Deal to solve Wynwood mega-project tiff: Split baby in two

Miami Herald - September 7, 2016

Eager to salve a split that threatened political support for his massive Wynwood redevelopment, entrepreneur Moishe Mana agreed on Wednesday to a put his plan through an unexpected and “radical” last-minute surgery proposed by a group of fellow neighborhood property owners.

Whether the new plan flies or not, though, won’t be decided until the Miami Commission meets Thursday afternoon for what was to be the second and final vote on the Mana Wynwood special area plan, which contemplates a staggering 10 million square feet of commercial, residential and cultural development in the core of the burgeoning hipster mecca.

The new proposal would split Mana’s project in two, allowing the developer to move forward with a plan for an international trade center that’s attracted investment interest on one piece, while putting off the balance of the blueprint for a brief period to shape it in a way that ensures it meshes with the low-scale neighborhood around it instead of overwhelming it.

The plan would also sidestep a contentious battle over $10 million that Mana had pledged to contribute to a city fund designed to ameliorate the impact on new development in Wynwood. That promise was part of a wide-ranging agreement that Mana made in March with the Wynwood Business Improvement District, a semi-autonomous public agency that represents local property owners, to win their support for his project.

But the BID balked when the developer later agreed to divert all but $2.5 million of the promised money to the Overtown community redevelopment agency after meeting privately with Miami Comissioner Keon Hardemon, who represents both the impoverished, mostly black neighborhood as well as a portion of Wynwood. That shift, which came after the commission approved the plan on an initial vote, prompted angry accusations from BID leaders that Mana had breached their agreement, though the developer’s representatives say it was Hardemon’s decision to divert the money, not theirs.

On Wednesday, the BID’s board of directors voted 4-0 in a public meeting to rescind their support of Mana’s original concept. But they immediately also unanimously endorsed an alternative proposal outlined by developer and BID board member David Polinsky.

That last-minute proposal, which Mana’s representatives also endorsed, would “bifurcate” Mana’s original 25-acre plan. The first piece, a west zone consisting of nine acres, mostly on three blocks along Interstate 95, would go directly to a commission vote Thursday with the BID’s explicit support.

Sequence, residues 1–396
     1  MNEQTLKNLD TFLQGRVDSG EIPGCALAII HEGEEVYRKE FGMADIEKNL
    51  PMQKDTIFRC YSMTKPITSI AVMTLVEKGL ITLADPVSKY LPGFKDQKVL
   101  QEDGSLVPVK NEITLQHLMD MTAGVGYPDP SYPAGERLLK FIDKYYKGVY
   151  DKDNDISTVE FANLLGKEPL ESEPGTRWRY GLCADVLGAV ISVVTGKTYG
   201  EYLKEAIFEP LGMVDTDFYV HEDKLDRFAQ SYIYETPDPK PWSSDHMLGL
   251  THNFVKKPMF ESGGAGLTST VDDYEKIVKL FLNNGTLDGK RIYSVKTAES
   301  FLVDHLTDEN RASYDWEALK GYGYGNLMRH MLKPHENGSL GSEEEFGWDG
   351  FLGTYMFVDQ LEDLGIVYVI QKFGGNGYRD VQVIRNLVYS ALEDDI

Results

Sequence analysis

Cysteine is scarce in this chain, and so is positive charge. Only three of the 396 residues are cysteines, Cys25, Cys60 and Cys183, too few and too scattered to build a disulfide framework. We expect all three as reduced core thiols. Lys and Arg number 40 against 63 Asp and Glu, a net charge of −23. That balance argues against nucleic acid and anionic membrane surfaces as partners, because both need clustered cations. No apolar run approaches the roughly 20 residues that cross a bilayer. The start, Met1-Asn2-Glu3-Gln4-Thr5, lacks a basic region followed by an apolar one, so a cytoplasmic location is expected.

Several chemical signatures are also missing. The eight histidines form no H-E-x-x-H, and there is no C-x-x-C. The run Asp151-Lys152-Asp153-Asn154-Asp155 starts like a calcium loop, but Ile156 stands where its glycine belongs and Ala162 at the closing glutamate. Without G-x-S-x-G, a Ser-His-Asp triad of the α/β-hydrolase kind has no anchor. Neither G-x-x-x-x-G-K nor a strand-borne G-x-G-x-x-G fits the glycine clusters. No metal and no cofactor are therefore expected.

That piece would be developed along the lines of Mana’s original plan. Special zoning rules would allow Mana to erect a clutch of towers of up to 24 stories on that piece, double the maximum permitted by a zoning plan enacted last year to protect Wynwood’s low-scale character. The towers would house a hotel, offices and exhibition spaces as part of an international trade center focused on Asia and Latin America, and Mana representatives say he needs to move quickly to seize on serious investment interest in the idea.

But on the second piece, the larger eastern zone that directly abuts the heart of Wynwood, instead of creating its own special-area zoning rules, the BID’s alternate plan would instead have new construction adhere to the existing Neighborhood Revitalization District rules enacted last year — something some BID members have wanted. The BID said it would collaborate with Mana on altering NRD zoning rules as needed to accommodate Mana’s concept of a creative zone of cultural and educational buildings surrounding an extensive public plaza dubbed Mana Commons.

The new agreement carries advantages and potential pitfalls for all sides, both parties noted.

It gives Mana much of what he had been seeking, including sundering a “phasing” plan that would have permitted the developer to build his lucrative towers only after completing substantial portions of the eastern zone — meaning there’s a risk the public plaza and less-profitable cultural buildings might not happen soon, if ever.

Any “bonus” fees Mana pays for the right to build taller in that zone would be split as Hardemon wanted, with about $7.5 million going to the Overtown CRA, the BID board agreed.

But the new plan also puts the 15 or so acres in the eastern zone back under the NRD zoning rules —meaning the BID wins not just potentially a more-compatible scale and look of new construction, but also that Mana would be required to pay substantial impact fees into the Wynwood public benefits trust fund on anything he builds there. His original plan would have exempted him from paying the fees.

That could mean a significant windfall for the Wynwood fund — which is designed to pay for street and sidewalk improvements, public spaces, parking garages and affordable housing — exceeding the pledged $10 million, said Polinsky and BID vice-chairman Albert Garcia.

“It’s an opportunity to have the applicant play by the same rules as the rest of the district and protect the integrity of the NRD,” Garcia said. “And Wynwood could conceivably benefit even more.”